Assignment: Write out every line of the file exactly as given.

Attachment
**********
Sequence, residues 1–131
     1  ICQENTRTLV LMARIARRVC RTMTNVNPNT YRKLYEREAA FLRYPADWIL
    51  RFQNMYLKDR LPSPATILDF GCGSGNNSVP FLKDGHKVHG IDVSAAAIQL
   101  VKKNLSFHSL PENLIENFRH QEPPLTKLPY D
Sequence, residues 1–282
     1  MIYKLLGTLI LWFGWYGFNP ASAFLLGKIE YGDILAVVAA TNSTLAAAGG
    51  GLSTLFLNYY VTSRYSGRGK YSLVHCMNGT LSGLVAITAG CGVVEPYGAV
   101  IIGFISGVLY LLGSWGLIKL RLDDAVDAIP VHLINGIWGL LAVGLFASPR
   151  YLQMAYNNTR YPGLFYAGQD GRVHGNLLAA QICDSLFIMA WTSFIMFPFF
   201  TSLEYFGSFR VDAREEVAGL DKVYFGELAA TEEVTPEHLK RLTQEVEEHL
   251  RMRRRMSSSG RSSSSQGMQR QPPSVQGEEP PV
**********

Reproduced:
Sequence, residues 1–131
     1  ICQENTRTLV LMARIARRVC RTMTNVNPNT YRKLYEREAA FLRYPADWIL
    51  RFQNMYLKDR LPSPATILDF GCGSGNNSVP FLKDGHKVHG IDVSAAAIQL
   101  VKKNLSFHSL PENLIENFRH QEPPLTKLPY D
Sequence, residues 1–282
     1  MIYKLLGTLI LWFGWYGFNP ASAFLLGKIE YGDILAVVAA TNSTLAAAGG
    51  GLSTLFLNYY VTSRYSGRGK YSLVHCMNGT LSGLVAITAG CGVVEPYGAV
   101  IIGFISGVLY LLGSWGLIKL RLDDAVDAIP VHLINGIWGL LAVGLFASPR
   151  YLQMAYNNTR YPGLFYAGQD GRVHGNLLAA QICDSLFIMA WTSFIMFPFF
   201  TSLEYFGSFR VDAREEVAGL DKVYFGELAA TEEVTPEHLK RLTQEVEEHL
   251  RMRRRMSSSG RSSSSQGMQR QPPSVQGEEP PV